Whereas all nations are exposed to the same dominant scientific consensus established by the Intergovernmental Panel on Climate Change, their reactions to this knowledge are highly variable. National stances toward global climate change cannot be explained by levels of prosperity or immediate vulnerability to disaster. This interdisciplinary research project will examine the key sociopolitical variables that affect how national polities react to scientific knowledge. Multiple constituencies form networks of action that effect national policies. Countries vary in the extent to which leaders of government, non-governmental organizations, businesses, and other influential actors take the scientific claims seriously, assigning high levels of risk and urgency to the problem and developing countermeasures. Advocacy coalitions for and against remedial action vary in strength in each national context. Their beliefs, activities, and effectiveness reflect concepts of organizational and national interest and cultural receptiveness to scientific reasoning. Domestic scientific establishments vary in their capacity to certify climate science claims and diffuse this knowledge. Among these multiple groups, opportunities for cross-stakeholder participation and dialogue will strengthen national agreement, empower authorities, and lead to more effective national countermeasures. This project will compare the climate change policy-formation processes of developed (Japan, the United States, Germany, and Sweden), transitional (Russia), and developing countries (India, China, and Brazil) as well as at the international level. Policy network analysis will be used to study these relational processes. Comparable surveys in each country will collect data on networks of negotiation, communication, and support among pertinent domestic and international organizations as well as organizational beliefs, goals, resources and policy engagement. Data collection will take place in 2009-2010 at the height of international negotiations over the post-Kyoto global climate change regime.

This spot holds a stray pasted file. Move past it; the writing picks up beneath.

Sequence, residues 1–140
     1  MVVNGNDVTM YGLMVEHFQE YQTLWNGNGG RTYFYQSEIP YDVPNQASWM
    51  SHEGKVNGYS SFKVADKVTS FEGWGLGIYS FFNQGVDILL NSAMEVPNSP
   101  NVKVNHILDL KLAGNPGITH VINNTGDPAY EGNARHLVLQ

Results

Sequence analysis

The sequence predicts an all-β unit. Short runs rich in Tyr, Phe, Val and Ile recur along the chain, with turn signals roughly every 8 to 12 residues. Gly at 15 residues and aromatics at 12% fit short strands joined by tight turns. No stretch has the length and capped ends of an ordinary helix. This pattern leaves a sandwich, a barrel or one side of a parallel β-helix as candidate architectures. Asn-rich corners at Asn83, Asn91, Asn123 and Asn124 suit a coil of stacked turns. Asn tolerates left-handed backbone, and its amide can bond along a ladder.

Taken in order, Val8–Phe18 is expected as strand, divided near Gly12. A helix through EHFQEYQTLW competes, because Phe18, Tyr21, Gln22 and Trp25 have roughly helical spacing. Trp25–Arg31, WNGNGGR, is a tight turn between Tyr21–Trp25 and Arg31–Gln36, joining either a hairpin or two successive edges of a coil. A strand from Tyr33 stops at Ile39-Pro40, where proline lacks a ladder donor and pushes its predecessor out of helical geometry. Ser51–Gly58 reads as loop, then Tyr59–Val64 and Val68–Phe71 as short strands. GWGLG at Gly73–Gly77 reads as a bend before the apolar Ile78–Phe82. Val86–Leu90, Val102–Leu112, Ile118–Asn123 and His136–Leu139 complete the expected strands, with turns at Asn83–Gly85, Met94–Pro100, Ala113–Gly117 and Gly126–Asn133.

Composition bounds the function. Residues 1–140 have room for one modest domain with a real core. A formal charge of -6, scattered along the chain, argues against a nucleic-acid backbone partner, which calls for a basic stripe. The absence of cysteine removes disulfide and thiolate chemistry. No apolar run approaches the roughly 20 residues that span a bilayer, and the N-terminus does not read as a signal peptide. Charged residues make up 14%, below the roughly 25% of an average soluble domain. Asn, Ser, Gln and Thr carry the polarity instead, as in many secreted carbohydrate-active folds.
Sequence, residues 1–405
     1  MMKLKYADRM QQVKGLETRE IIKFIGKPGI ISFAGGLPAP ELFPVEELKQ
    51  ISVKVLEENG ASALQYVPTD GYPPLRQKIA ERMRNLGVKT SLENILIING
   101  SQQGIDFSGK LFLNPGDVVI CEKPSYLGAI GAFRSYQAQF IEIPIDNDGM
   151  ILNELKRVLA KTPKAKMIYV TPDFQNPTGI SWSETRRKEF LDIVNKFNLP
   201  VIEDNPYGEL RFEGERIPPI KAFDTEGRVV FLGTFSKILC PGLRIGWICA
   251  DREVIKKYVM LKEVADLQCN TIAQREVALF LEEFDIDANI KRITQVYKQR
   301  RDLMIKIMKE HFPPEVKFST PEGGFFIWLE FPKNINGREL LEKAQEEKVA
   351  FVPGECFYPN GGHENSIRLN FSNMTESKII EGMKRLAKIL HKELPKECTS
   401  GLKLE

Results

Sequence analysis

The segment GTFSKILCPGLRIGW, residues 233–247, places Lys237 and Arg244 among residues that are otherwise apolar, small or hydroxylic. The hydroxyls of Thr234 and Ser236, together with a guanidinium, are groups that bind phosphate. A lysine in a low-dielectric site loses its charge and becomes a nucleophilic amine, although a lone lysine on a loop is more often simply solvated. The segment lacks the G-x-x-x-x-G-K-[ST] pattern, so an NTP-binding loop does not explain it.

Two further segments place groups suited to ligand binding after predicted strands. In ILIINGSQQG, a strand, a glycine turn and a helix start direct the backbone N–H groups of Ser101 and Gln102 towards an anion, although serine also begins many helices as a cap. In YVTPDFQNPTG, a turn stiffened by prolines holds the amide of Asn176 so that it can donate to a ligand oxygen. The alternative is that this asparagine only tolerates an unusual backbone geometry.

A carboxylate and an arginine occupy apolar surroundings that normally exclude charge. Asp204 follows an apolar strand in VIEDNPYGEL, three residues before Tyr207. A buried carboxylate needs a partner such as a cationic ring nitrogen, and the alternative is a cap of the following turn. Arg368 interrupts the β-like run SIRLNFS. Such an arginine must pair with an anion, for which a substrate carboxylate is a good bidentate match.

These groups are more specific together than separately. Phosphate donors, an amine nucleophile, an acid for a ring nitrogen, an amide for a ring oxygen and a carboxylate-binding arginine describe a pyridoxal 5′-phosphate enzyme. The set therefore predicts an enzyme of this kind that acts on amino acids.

This project will contribute significantly to knowledge about climate change politics and decision making while also strengthening climate change educational capacity in all the countries, especially in the developing and transition countries. Women lead four of the nine case research teams, which include multiple ethnic/racial groups and will strive for inclusion of national minorities. Each team will establish a national center for sociopolitical research, education, training, and public information on climate change. The teams and centers will form an enduring global network and scientific community, holding regular conferences and workshops and issuing reports and publications. The project plans repeated surveys at regular intervals. The resulting public data base will provide an invaluable record of changing national and international reactions to global climate change for future scholarly research. An award resulting from the FY 2008 NSF-wide competition on Human and Social Dynamics (HSD) supports this project. All NSF directorates and offices are involved in the coordinated management of the HSD competition and the portfolio of HSD awards.